These macro developments, in particular the risk of a US trade war with China and the rest of the world, are indeed risks to EM stocks, at least in the shorter term. However, these are not new risks, nor do we believe they overwhelm the attractive fundamentals, valuations, and potential longer-term returns of EM stocks. Based on our analysis, we find that emerging markets are fundamentally better placed today than in past cycles. The sector composition of EM indexes has changed meaningfully over the past decade, from traditional heavy-cyclical industries like materials and energy to more growth-oriented technology and consumer-driven sectors that are less sensitive to shifts in global growth. Evidence also suggests EM stocks do fine when interest rates in the United States are rising as long as global growth is solid (real GDP growth is expected to be above trend again this year). As to the underlying fiscal health of EM economies, emerging markets, in aggregate, have much better debt coverage than in the late 1990s/Asian crisis era. Additionally, most EM countries now have floating rather than dollar-pegged currencies, which should help release pressure in these economies and reduce the likelihood of a currency devaluation–driven crisis.

On the fixed-income side, our portfolios were helped once again by our allocation to floating-rate loan funds. In aggregate, these funds contributed positively to quarterly portfolio returns and outperformed the core investment-grade bond index, as has been the case over the past several years.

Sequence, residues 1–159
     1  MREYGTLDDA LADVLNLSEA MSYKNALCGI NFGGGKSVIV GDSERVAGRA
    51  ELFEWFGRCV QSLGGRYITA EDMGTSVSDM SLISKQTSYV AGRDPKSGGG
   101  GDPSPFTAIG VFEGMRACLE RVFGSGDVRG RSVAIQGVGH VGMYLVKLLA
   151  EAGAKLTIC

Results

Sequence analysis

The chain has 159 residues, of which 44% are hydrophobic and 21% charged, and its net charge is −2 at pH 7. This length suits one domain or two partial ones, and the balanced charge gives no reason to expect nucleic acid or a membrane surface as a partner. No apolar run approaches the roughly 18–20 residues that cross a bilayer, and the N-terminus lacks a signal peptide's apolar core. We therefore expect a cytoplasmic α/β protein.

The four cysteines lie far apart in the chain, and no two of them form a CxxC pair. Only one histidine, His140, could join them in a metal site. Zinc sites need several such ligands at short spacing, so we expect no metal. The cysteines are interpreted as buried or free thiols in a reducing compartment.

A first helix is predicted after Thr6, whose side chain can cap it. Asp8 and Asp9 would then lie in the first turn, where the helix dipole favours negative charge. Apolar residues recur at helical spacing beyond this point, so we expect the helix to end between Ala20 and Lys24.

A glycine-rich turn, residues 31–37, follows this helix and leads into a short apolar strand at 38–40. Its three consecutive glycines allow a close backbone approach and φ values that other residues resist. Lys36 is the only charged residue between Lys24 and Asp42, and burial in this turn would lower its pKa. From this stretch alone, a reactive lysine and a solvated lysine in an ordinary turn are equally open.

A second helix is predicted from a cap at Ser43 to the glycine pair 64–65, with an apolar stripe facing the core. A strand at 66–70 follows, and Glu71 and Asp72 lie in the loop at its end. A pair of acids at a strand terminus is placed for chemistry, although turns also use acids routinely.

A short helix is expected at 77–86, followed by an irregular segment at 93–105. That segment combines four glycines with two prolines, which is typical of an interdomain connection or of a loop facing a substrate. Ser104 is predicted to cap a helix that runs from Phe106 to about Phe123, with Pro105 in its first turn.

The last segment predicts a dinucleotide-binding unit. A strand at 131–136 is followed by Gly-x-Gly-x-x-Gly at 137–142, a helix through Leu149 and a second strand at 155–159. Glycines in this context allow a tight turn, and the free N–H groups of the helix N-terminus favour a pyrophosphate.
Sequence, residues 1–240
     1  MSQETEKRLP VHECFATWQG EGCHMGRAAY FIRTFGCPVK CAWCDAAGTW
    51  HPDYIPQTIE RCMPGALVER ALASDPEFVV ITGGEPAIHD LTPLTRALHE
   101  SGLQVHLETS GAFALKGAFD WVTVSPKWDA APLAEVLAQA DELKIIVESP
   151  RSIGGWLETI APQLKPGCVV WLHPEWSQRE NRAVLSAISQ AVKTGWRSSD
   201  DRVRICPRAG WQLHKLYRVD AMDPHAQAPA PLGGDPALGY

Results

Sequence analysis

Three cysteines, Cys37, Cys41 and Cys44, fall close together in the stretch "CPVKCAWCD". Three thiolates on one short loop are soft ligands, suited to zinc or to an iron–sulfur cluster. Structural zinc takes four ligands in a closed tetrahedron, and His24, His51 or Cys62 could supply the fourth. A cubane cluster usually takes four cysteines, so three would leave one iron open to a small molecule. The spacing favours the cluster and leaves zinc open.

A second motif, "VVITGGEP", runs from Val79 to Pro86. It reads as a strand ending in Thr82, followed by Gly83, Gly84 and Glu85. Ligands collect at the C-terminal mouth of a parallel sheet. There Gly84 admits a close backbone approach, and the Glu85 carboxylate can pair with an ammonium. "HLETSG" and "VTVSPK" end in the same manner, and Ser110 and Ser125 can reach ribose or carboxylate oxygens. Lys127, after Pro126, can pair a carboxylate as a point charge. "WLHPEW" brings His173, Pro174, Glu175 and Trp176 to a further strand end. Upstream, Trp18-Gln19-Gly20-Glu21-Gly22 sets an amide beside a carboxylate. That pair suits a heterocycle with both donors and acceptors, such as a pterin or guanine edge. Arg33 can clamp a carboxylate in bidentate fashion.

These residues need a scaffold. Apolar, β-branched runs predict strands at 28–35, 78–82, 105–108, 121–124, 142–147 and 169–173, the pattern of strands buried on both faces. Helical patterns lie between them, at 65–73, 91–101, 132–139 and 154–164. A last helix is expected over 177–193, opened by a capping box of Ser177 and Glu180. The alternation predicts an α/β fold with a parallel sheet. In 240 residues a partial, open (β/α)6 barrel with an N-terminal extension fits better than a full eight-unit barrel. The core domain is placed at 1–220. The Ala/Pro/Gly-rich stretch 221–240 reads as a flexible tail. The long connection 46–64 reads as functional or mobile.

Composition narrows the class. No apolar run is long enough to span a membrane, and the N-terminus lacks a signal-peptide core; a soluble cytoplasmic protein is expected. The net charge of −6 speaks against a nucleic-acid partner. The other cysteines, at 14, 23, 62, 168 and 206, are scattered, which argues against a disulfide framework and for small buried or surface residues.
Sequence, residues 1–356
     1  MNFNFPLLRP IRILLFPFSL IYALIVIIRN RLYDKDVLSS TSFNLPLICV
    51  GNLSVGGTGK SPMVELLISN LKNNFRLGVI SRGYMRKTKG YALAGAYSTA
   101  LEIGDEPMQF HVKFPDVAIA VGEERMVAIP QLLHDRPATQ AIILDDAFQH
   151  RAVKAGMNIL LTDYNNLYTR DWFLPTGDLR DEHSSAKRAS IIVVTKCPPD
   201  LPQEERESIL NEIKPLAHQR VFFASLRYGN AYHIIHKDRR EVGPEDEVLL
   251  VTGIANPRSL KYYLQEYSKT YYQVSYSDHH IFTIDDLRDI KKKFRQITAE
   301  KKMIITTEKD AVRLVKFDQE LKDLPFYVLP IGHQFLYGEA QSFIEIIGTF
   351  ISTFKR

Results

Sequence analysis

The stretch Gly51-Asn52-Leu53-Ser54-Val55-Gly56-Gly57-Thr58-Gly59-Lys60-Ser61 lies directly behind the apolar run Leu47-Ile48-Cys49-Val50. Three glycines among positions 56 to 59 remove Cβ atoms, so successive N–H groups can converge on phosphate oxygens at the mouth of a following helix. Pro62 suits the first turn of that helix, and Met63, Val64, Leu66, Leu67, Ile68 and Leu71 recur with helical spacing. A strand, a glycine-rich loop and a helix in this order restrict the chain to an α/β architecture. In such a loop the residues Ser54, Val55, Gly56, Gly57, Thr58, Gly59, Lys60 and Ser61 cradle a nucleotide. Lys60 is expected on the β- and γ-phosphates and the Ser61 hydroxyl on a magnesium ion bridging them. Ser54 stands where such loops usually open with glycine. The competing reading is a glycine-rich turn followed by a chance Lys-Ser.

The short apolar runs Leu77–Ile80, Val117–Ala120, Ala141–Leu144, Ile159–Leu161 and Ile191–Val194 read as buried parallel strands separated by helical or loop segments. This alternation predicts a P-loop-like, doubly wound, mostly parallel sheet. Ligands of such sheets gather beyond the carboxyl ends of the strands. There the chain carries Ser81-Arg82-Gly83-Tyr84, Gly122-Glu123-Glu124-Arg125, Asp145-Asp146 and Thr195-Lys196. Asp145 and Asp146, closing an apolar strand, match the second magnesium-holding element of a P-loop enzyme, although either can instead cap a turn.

The performance of our Stabilizers were mixed but slightly negative in the second quarter. Our Market Neutral, Managed Futures, and Multi-Asset Managers, which make up our Stabilizer sleeve, outpefromed most equity indices, but underperformed most fixed income. Once again, supporting its’ name, Stabilizers.


Market and Portfolio Outlook

We remain confident in the positioning of our globally diversified portfolios, which we believe are structured to perform well over the long term while providing resiliency across a range of potential short-term scenarios. Should the current trade tensions resolve, and the global economic recovery continue, we expect to generate good overall returns, with outperformance from our European and EM stock positions, active equity managers, and floating-rate bond funds.


Alternatively, should a bear market strike, our portfolios have “dry powder” in the form of lower-risk Defensive and Stabilizers that should hold up much better than Growth. We’d expect to put this capital to work more aggressively following a market downturn by reallocating to US equities at lower prices with higher expected returns sufficient to compensate us for their risks.


Thank you for your continued confidence and trust.—The Advocates (07/16/18)